It is the time of the year when school districts all across the state are approving their budgets. By the end of the month, each district will certify the levy for taxpayers. The levy is the amount of money each property owner is charged, based on the mill rate. This rate is usually referenced as a dollar amount per thousand in property value. For Mineral Point Unified School District taxpayers, there is a school rate, a county rate, a rate for the technical college in your area, and either a city or township rate. These rates are applied to the value of your property to determine how much you will pay in property taxes.
In recent years, the portion of your property tax bill that is sent to the school district has decreased. Our mill rate has declined over the last two years by about 13%, and will once again decrease. The difficult part of evaluating your individual property taxes is oftentimes out of the control of the school district. As an example, let’s say last year your house was given an equalized valuation of $180,000. The school mill rate was $10.41. The portion of your property taxes for the school district would have been (180 x 10.41) $1,873.80. Your property taxes would have been higher due to the county, technical college, and local government. This year, it is estimated the equalized valuation for our district will be 15.4% higher than last year. The state average is projected to be around a 14% increase for this year. Your $180,000 house will now be valued at $207,720. If the mill rate falls to $8.95 per thousand, your taxes for the school district would be about $1,859.09. In this example, a reduction in the mill rate and an increase in the equalized valuation does not equal a larger reduction in property taxes.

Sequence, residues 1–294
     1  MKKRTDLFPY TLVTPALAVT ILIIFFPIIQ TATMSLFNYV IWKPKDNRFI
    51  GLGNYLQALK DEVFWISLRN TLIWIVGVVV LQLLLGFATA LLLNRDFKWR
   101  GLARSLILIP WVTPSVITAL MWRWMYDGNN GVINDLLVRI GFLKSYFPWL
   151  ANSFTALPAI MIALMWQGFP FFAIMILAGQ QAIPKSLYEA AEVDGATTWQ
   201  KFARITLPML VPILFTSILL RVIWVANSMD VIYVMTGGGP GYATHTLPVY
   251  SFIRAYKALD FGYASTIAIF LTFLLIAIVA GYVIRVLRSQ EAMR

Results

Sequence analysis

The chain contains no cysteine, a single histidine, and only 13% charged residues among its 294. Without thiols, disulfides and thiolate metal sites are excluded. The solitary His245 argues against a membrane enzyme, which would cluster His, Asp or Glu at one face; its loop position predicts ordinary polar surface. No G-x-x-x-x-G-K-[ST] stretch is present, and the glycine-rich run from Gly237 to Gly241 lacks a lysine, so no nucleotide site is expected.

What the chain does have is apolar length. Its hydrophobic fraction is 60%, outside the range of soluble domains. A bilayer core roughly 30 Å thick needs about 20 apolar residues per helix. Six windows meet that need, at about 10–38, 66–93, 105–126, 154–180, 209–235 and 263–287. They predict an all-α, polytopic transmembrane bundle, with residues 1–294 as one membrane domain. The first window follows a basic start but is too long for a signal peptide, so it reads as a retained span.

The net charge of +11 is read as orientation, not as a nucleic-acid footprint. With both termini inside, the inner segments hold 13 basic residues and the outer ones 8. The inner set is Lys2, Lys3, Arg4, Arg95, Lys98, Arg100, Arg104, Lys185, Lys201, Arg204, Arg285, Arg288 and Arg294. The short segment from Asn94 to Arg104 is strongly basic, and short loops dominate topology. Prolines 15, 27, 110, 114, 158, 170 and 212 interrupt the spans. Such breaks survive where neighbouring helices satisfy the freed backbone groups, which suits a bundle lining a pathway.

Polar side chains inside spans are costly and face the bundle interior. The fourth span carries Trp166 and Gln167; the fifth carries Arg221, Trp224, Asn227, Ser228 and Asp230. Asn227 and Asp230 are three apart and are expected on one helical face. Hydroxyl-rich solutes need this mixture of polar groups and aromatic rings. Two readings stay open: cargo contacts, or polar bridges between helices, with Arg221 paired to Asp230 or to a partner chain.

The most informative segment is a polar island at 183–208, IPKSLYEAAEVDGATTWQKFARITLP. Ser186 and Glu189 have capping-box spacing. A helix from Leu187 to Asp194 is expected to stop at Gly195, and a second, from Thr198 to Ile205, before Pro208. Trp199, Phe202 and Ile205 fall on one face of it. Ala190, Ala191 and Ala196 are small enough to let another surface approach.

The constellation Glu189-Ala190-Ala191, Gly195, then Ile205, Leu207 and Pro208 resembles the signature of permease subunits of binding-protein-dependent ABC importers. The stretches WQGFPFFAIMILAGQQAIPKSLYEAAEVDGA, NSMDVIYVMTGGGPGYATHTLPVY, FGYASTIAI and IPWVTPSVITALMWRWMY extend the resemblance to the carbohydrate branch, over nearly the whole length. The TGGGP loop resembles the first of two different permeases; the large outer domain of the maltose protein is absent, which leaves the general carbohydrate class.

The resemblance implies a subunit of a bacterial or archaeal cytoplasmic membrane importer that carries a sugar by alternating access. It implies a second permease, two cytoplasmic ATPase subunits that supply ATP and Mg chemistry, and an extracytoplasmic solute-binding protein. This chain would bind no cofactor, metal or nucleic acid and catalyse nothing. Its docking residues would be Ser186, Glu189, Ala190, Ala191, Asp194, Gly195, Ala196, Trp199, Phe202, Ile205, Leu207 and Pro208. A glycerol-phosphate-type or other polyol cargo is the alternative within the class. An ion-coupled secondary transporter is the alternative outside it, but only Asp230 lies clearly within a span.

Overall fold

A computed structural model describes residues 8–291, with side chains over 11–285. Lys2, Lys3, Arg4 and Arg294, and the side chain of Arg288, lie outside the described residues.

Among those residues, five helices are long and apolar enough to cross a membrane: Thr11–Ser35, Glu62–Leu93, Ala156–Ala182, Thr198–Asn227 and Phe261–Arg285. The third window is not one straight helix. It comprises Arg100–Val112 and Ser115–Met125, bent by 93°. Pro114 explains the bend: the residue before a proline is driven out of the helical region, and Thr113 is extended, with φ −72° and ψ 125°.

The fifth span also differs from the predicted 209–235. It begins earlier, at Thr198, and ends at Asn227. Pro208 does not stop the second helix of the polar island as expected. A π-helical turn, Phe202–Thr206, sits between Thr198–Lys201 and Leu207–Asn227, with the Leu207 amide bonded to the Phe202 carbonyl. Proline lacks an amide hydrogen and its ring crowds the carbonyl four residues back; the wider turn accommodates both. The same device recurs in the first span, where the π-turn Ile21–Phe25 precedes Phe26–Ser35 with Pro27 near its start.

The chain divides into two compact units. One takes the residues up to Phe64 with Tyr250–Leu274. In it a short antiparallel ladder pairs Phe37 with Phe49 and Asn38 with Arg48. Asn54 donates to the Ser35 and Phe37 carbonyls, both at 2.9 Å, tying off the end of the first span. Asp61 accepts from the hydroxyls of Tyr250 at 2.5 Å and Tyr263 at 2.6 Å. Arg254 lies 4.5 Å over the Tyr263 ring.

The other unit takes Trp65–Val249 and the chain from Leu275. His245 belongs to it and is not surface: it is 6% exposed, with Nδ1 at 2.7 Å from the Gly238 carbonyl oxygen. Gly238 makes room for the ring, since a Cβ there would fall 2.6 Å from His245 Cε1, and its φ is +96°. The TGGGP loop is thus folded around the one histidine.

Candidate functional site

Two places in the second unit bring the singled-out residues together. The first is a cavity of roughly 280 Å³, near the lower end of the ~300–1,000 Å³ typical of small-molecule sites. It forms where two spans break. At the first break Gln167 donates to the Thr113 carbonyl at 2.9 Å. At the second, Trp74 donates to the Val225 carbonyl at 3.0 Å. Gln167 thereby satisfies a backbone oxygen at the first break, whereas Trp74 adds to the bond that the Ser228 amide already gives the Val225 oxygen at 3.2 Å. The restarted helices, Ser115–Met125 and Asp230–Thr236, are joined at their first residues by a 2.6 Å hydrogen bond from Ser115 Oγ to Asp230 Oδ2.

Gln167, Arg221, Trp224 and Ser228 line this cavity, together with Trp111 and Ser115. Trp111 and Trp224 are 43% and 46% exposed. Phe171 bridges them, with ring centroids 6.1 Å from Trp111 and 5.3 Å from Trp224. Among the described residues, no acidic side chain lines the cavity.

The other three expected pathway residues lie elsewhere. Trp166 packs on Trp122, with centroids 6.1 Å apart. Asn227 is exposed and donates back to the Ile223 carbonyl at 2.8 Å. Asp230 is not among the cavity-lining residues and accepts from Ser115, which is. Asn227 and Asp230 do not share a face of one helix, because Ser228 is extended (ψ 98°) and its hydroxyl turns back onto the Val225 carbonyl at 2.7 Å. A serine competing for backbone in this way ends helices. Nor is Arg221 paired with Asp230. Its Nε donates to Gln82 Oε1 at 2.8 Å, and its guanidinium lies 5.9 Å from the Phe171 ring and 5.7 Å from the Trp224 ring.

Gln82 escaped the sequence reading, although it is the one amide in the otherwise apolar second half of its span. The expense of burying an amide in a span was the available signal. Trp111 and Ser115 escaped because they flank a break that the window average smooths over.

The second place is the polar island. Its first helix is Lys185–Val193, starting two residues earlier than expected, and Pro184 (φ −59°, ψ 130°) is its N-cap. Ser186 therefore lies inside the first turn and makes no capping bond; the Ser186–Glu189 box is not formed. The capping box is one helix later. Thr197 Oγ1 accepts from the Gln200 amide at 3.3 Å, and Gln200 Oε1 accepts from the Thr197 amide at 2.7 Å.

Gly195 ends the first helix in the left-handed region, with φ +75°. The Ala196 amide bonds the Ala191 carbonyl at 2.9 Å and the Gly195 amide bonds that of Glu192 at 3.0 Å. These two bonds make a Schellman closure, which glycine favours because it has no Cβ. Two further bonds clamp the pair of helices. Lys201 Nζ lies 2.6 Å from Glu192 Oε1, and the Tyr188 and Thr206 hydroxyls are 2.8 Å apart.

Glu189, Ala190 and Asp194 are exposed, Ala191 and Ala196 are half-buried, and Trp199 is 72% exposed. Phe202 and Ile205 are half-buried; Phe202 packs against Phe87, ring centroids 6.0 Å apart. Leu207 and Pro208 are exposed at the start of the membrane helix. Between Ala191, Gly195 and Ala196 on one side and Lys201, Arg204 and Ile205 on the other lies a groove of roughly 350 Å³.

In November 2018, the school district asked the voters to approve two referendum questions. One was to borrow money to add on and remodel the elementary building. The other question was an “operational referendum” question to exceed the revenue limit by $350,000 per year on a recurring basis to maintain existing programs. The hope was that money would support operating the district for at least three years. The good news is we have made it to school year number five without asking the voters to approve another operating referendum.
Across Wisconsin this November, there are 39 school districts asking their taxpayers for permission to exceed the revenue limit for an operating referendum. 12 districts are asking for a total amount of almost $57 million on a recurring basis. Another 27 are asking for an additional $298 million on a non-recurring basis. Mineral Point is not asking either of those questions this fall. We have made some tough decisions, used ESSER money wisely, and have been fortunate to receive grant money to maintain the programs within the schools.
When the school board meets in October, there is the possibility it will decide to levy additional funds to make a debt payment on the elementary referendum loan. The budget will be balanced for the 2022-23 school year and the school board could make a debt payment that would save on interest for the loan. Even if there is an additional levy for debt, the mill rate would drop about 14% from last year. The idea behind this is to maintain the same amount of total levy for the 2022-23 school year that was collected for the 2021-22 school year. This would allow for debt payment and interest savings.
The school board and district continue to offer outstanding programs and educational opportunities while trying to maintain fiscal responsibility for our taxpayers’ investment in our youth. School finance can be a complex, and often misunderstood, topic. Feel free to reach out with questions.